• With the 2020 election season underway, now is a good time to make certain your internal policies and procedures address applicable campaign contribution laws.
  • It is important that employees are aware that complex federal, state and local campaign laws, including pay-to-play campaign law restrictions, exist and may regulate their personal contributions.
  • For companies that engage in government business, including providing financial services, products, advice or underwriting for government clients or investors, a misstep under these pay-to-play laws can be quite costly, including a ban on earning income from government business.

The 2020 election is upon us, and just like every other type of payment, making contributions is getting easier. Digital political ads for the 2020 elections are beginning to appear all over the internet, and people can now make contributions with just a few clicks on their phone, or even by just asking Alexa to facilitate a contribution:

  • Amazon Alexa now facilitates payment of contributions of less than $200 to participating 2020 political campaigns by simply saying, “Alexa, I want to make a political contribution.”
  • The Federal Election Commission (FEC) has advised that a federal political committee may receive contributions in bitcoins. A political committee must value the bitcoin contribution using the market value of the contribution at the time it is received. Other jurisdictions, such as California, do not permit contributions to political committees using cryptocurrency.
  • Texting to process political contributions has been approved by the FEC since 2012.

Given the ease of making a donation, it is more important than ever to be sure that you have a political compliance program and that your employees are aware of their obligations. Local, state and federal laws limit the political activities of corporations and their employees. For companies that engage in government business, including providing financial services, products, advice or underwriting for government clients or investors, a misstep under these laws can be quite costly, including a ban on earning income from government business. Now is the time to review your political compliance program and make sure that it is as ready as Alexa for the political season.

Corporate Political Contributions

The Federal Election Campaign Act (FECA) permits individuals and certain entities to make contributions to Federal candidates, political parties and PACs that directly support candidates, but prohibits corporations, labor unions and national banks from making such contributions from their treasury funds. FECA does permit a corporation, labor union or national bank to create an employee political action committee (PAC), raise funds for the PAC from a restricted class of employees, and then make contributions from PAC funds to Federal candidates, political parties and other PACs.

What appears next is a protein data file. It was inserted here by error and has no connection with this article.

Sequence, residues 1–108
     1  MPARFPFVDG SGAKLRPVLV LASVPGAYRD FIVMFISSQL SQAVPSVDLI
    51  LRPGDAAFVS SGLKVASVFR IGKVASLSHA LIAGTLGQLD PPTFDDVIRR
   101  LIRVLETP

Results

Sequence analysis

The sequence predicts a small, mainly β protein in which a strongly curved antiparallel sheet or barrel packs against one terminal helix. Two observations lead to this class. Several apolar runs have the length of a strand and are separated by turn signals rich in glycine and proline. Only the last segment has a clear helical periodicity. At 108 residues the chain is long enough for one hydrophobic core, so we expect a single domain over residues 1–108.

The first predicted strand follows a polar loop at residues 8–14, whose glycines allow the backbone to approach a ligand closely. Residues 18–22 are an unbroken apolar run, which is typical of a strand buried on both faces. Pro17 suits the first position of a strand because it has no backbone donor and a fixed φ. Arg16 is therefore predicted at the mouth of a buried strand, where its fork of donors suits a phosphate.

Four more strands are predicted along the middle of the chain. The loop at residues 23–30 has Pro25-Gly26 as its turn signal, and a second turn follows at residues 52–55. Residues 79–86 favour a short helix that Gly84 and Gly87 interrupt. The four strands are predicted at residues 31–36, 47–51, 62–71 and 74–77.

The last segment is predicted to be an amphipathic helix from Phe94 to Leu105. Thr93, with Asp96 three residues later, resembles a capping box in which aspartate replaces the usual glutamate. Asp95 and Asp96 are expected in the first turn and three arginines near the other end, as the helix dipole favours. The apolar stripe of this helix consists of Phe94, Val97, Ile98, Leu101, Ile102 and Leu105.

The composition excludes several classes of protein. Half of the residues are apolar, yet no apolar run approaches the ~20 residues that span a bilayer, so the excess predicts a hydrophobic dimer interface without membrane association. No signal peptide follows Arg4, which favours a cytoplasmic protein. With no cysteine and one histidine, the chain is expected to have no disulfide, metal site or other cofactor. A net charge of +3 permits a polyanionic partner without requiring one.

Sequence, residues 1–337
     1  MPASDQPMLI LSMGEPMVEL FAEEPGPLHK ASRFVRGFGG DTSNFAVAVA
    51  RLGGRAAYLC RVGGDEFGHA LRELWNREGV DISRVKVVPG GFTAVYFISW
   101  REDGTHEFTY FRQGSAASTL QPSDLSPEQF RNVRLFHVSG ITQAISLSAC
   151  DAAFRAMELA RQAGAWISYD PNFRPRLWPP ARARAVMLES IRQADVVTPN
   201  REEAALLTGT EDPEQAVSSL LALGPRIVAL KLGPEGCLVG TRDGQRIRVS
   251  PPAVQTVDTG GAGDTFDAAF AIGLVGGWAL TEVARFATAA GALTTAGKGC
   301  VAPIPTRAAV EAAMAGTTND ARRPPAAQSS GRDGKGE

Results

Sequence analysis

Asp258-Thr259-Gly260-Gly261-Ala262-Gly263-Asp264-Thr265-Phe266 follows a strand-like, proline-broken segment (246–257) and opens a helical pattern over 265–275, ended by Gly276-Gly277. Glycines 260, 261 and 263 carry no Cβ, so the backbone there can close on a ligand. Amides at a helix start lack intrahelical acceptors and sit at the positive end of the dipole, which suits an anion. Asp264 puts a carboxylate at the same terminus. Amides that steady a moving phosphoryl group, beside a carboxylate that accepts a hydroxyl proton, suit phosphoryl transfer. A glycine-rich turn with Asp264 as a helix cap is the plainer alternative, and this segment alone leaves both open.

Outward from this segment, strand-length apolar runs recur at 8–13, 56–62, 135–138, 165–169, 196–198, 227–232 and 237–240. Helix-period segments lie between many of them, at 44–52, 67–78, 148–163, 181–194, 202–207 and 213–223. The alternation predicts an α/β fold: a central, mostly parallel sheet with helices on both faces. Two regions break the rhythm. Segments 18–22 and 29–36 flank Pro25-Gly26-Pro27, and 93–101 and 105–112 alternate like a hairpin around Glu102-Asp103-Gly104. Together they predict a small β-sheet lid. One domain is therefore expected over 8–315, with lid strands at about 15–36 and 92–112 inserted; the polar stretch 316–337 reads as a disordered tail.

A campaign contribution is a broad term, encompassing anything of value provided to a candidate, a political party, a ballot measure committee, or to a PAC that collects funds for the purpose of making contributions or expenditures to support or oppose candidates, ballot measures, or other political committees. Contributions include payments of cash or by check, electronic transactions, the purchase of tickets to fundraising events, contributions in kind (e.g., use of corporate facilities, equipment or supplies, or the use of company personnel during compensated working hours), or any other expenditures which are made for the purpose of influencing voters at an election. Appearances by incumbent elected officials and candidates on corporate premises may be considered campaign contributions under certain circumstances.

Companies and organizations would be advised to have policies concerning the use of corporate resources in connection with political campaigns. Such policies should consider applicable rules regarding individual employee contributions, elected official appearances on company premises or at company events, and any organized effort by company employees to raise money for or to otherwise support candidates for election or the support of, or opposition to, ballot measures.

Pay-to-Play Rules

Companies that do business with federal, state or local governmental entities, including pension funds, must comply with complex pay-to-play rules under both state and federal law. These laws apply to political contributions and solicitation activities of the company, and depending on the jurisdiction, may apply to a contracting entity’s employees, including officers and directors, sales or relationship personnel, investment personnel and other employees. Indeed, in some cases these rules even extend to the family members of employees. Such companies would be advised to have compliance systems in place to review political contributions and solicitation activities by employees in advance to avoid a ban on business. Such systems can be catered to your company based on where your company has contracts or is doing business with the government. Federal and State pay-to-play laws include Securities and Exchange Commission (SEC) Rules 206(4)-5 and 15Fh-6, Municipal Securities Rulemaking Board (MSRB) Rules G-37 and G-38, Financial Industry Regulatory Authority (FINRA) Rules 2030 and 4580, and Commodity Futures Trading Commission (CFTC) Rule 23.451. In addition, the campaign finance laws of a particular jurisdiction may impose restrictions on contractors or those seeking to do business with government agencies.